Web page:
The VHHA quality and safety consensus measures selected are:

1) Healthcare-Associated Infections:

  • Central Line-Associated Blood Stream Infection (CLABSI)
  • Catheter-Associated Urinary Tract Infections (CAUTI)

2) PSI-90 Complication/Patient Safety for Selected Indicators

3) Readmission 30-Day (All) for Acute Myocardial Infarction, Heart Failure, Pneumonia, Hip/Knee and 30-Day Hospital All-Cause Unplanned

4) Mortality 30-Day for Acute Myocardial Infarction, Heart Failure, and Pneumonia

5) Patient Satisfaction: Hospital Consumer Assessment of Healthcare Providers and Systems (HCAHPS)

  • Patients who gave their hospital a rating of 9 or 10 (Raw Score)

6) Efficiency: Medicare Spending Per Beneficiary

Descriptive information about the measures selected and currently reported is provided below.


About the measures selected

1) Healthcare-Associated Infections

Healthcare-associated infections, or HAIs, are infections that people acquire while they are receiving treatment for another condition in a health care setting. HAIs can be acquired anywhere health care is delivered, including inpatient acute care hospitals, outpatient settings such as ambulatory surgical centers and end-stage renal disease centers, and long-term care facilities such as nursing homes and rehabilitation centers. HAIs may be caused by any infectious agent, including bacteria, fungi and viruses, as well as other less common types of pathogens.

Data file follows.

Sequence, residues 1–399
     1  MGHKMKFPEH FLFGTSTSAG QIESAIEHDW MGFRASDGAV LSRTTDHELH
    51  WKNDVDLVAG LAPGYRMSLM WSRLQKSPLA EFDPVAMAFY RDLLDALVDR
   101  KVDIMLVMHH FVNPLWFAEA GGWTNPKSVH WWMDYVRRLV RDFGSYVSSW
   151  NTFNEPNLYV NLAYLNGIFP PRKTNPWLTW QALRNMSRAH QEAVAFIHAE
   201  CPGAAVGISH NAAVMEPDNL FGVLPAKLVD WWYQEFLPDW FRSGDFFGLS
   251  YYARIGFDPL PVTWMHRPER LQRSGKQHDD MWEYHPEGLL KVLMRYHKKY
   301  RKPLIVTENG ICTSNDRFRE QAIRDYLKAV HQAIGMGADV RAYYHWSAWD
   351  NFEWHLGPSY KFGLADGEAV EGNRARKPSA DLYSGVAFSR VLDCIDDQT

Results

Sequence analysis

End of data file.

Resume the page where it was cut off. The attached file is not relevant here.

Central Line-Associated Bloodstream Infection (CLABSI)

CLABSIs fall within a general category of primary bloodstream infections that are associated with the presence of a central line at the time or before the onset of the infection. The term primary bloodstream infection refers to those in which there is no obvious source. These are serious complications in that they typically cause a prolongation of hospital stay and increased cost and risk of mortality. The data in the report include CLABSIs that occur in the ICU setting.

Data Source: Virginia Department of Health
Data Timeframe: CLABSI data represent a rolling 12-month reporting

Catheter-Associated Urinary Tract Infection (CAUTI)

A catheter-associated urinary tract infection (CAUTI) occurs when germs (usually bacteria) enter the urinary tract through the urinary catheter and cause infection. CAUTIs have been associated with increased morbidity, mortality, healthcare costs, and length of stay. The risk of CAUTI can be reduced by ensuring that catheters are used only when needed and removed as soon as possible; that catheters are placed using proper aseptic technique; and that the closed sterile drainage system is maintained.

Data Source: The Centers for Medicare & Medicaid Services


2) PSI-90 Complication/Patient Safety Selected Indicators